comic books to read, and the first comic she picked up depicted a character having his testicles ripped off and fed to him in graphic detail. Thus, she decided to go with that for the tone for the movie.
Personally, I was never a huge fan of the Punisher in the comics. I understood the appeal, but considered him a bit of a one-note character. I knew that at a few points that he was given titles that were able to work around the Comics Code and get away with more violence, but when I saw this movie I had absolutely no idea that there was a period of time where the Punisher comic was allowed to get away with such incredibly gruesome detail like showing a person getting their testicles fed to them, so I was pretty shocked by this film.
Another note of backstory: When Alexander first met with the studio executives to discuss the potential of her directing the film, it was only a few days after the Virginia Tech shooting spree that claimed the lives of 32 people. To all of their horror, it was discovered that the Virginia Tech killer, Seung-Hui Cho, had a poster of the Punisher in his dorm room and was inspired by the character.
Largely due to that fact, Alexander decided that all of the violence in this movie would be absolutely off-the wall absurd and ridiculous. She set out to make the violence so ridiculous, implausible, and absurd that psychos like Cho couldnít even come close to recreating it in real life in their wildest dreams.
In that sense, she succeeded.
Like I said, this movie is absolutely off the wall and ridiculously violent in the most absurd of ways. When I first saw this movie in theaters, I wasnít entirely aware of all of the Punisherís history so I had a mostly negative opinion of it as I thought that it was mostly ridiculous violence porn that went way beyond the parameters of the Punisher character itself. I knew it was trying to be ridiculous over-the-top schlock, but I didnít think much of it.
A lot of that, however, was largely because I was completely unaware at the time that at a few points the Punisher comics were given the liberty of being just as ridiculously violent and brutal. I knew about the character and his history in the comics and various cartoons, but didnít realize that at a few points, despite being a part of the Marvel superhero universe, he was given the liberty of appearing in comics that were so absurdly graphic that it was allowed to show a man having his testicles ripped out and fed to him in graphic detail.
With that said, hereís another important thing to know about the film: according to Alexander, every single action, gore and violence sequence except for one is lifted directly (shot for shot in many cases) from the comics. I canít verify this, but Alexander states that the scene where Punisher shoots the parkour guy with a heat seeking missile is the only original concept she came up with, and all the others are taken directly from the comics. Over the top gore and violence isnít my cup of tea, but I absolutely have to respect that meticulous effort.
So, while I did find this movie a bit over the top and a little ridiculous and it wasnít my cup of tea, I can respect what it was going for, and I understand why the film deserves to have picked up a cult following.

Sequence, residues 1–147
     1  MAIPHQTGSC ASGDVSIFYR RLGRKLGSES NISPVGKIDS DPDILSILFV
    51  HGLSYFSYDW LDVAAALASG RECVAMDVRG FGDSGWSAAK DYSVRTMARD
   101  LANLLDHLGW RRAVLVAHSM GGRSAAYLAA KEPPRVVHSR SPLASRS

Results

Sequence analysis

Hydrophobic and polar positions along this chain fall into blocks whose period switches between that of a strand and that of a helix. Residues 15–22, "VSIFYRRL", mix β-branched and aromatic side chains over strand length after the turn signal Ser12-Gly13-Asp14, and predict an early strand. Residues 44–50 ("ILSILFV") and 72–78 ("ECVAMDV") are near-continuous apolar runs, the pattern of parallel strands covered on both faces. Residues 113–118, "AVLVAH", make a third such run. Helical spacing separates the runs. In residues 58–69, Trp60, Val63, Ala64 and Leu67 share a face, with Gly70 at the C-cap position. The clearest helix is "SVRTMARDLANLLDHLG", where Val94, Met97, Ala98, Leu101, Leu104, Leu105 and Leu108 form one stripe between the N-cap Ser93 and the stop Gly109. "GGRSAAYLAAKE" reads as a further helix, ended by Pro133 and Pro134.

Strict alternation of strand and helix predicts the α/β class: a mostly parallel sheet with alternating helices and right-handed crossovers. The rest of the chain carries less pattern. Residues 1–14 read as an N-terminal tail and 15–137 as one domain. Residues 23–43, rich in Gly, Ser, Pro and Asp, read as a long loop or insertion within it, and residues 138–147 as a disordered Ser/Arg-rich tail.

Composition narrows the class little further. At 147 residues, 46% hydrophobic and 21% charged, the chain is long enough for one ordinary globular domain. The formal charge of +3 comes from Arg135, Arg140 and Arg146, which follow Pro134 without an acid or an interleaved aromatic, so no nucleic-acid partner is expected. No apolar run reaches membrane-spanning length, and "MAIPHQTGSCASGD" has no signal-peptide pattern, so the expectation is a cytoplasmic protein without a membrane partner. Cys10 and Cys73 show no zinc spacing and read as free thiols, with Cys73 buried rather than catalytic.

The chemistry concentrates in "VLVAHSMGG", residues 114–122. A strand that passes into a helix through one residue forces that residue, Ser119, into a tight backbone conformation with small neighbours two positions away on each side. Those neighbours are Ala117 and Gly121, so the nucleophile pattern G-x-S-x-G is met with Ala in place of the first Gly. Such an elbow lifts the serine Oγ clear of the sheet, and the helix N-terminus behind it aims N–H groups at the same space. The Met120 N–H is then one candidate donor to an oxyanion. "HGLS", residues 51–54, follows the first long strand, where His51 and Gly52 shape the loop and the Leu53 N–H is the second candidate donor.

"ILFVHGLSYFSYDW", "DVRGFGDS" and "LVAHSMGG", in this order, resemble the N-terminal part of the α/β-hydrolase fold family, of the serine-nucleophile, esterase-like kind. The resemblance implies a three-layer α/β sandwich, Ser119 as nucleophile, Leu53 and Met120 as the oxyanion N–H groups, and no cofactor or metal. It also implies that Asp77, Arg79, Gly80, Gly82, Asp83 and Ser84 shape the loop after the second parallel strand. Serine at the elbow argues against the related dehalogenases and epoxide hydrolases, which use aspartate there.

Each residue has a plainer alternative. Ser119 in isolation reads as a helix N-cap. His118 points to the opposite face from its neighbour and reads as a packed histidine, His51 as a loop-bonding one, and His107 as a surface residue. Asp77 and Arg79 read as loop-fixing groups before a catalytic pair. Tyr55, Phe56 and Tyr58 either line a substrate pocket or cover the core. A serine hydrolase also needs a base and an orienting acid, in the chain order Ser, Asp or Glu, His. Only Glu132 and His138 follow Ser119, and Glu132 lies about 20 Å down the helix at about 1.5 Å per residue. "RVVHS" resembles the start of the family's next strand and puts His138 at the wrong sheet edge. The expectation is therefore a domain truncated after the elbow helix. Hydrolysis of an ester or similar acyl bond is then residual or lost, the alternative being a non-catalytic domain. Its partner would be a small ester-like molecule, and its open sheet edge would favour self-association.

That being said, this is a ranking of characters, not movies. And as a character, The Punisher in this movie mostly exists as a mindless killing machine. We do get some back story as to his wife and children being killed and his motivation, but itís mostly glossed over. For the most part, he goes into rooms, kills lots of people in gruesome ways, and then moves on to the next room to kill other people in gruesome ways. He has very little emotion or character development besides a half-hearted "contemplating hanging it up" storyÖand hell, I donít even think he even has that much dialogue in general. Jigsaw probably has more dialogue than him. The Punisher just goes in and does his thing, and doesnít even open his mouth for long periods of time. Which, for the purposes of an all out gorefest, I understand is what they were going for and they wouldnít change anything. But from the purposes of a character, even if I understand the reasoning, I canít rank the character when taken on his own any higher.
On a final note, knowing about the movie and its history, it is absolutely hilarious that Stevenson later went on to reprise the role of the Punisher one other timeÖ.as the voice in a G-rated Marvel superhero Saturday Morning cartoon show.
37. Natasha Romanoff/Black Widow (Scarlett Johansen, Iron Man 2, 2010; The Avengers, 2012)
In case you couldnít tell from my Invisible Woman entry, Iím not exactly a huge fan of female characters who exist solely to be sex appeal.
Black Widow, for the most part clearly fits that role Ė in every bit of Avengers promotional material, the other five heroes are in some sort of heroic or epic pose, while Widow is, invariably, posed in some sort of position that shows off her ass.
If this character only appeared in Iron Man 2, she would be much lower on the list. In that movie, she had no character or development whatsoever, and was pretty much just blatant sex appeal with a Mary Sue complex. She comes in, does her job effortlessly, and shows all the other characters how awesome she is at everything. Ho-hum.
In the Avengers, however, the character is given more depth. Likewise, if she only appeared in the Avengers and not Iron Man 2, she would be higher on the list. She displays some self-doubt and complexity, and is certainly given justice in the movie. To be sure, Johansenís sex appeal is put on display in a very blatant manner, both in the film and in all promotional material, but at least she has a character that works quite well in the movie. Despite not having powers she more than holds her own in the battles. I liked that they gave her a bit of wit, tricking the mob guy in the beginning into revealing his plan and information and then pulled a similar trick with Loki later to get him to reveal his plan. So for that, she works well and is a good character in a great film. Still, the blatant sex appeal and the appearance in Iron Man 2 bring her down a bit.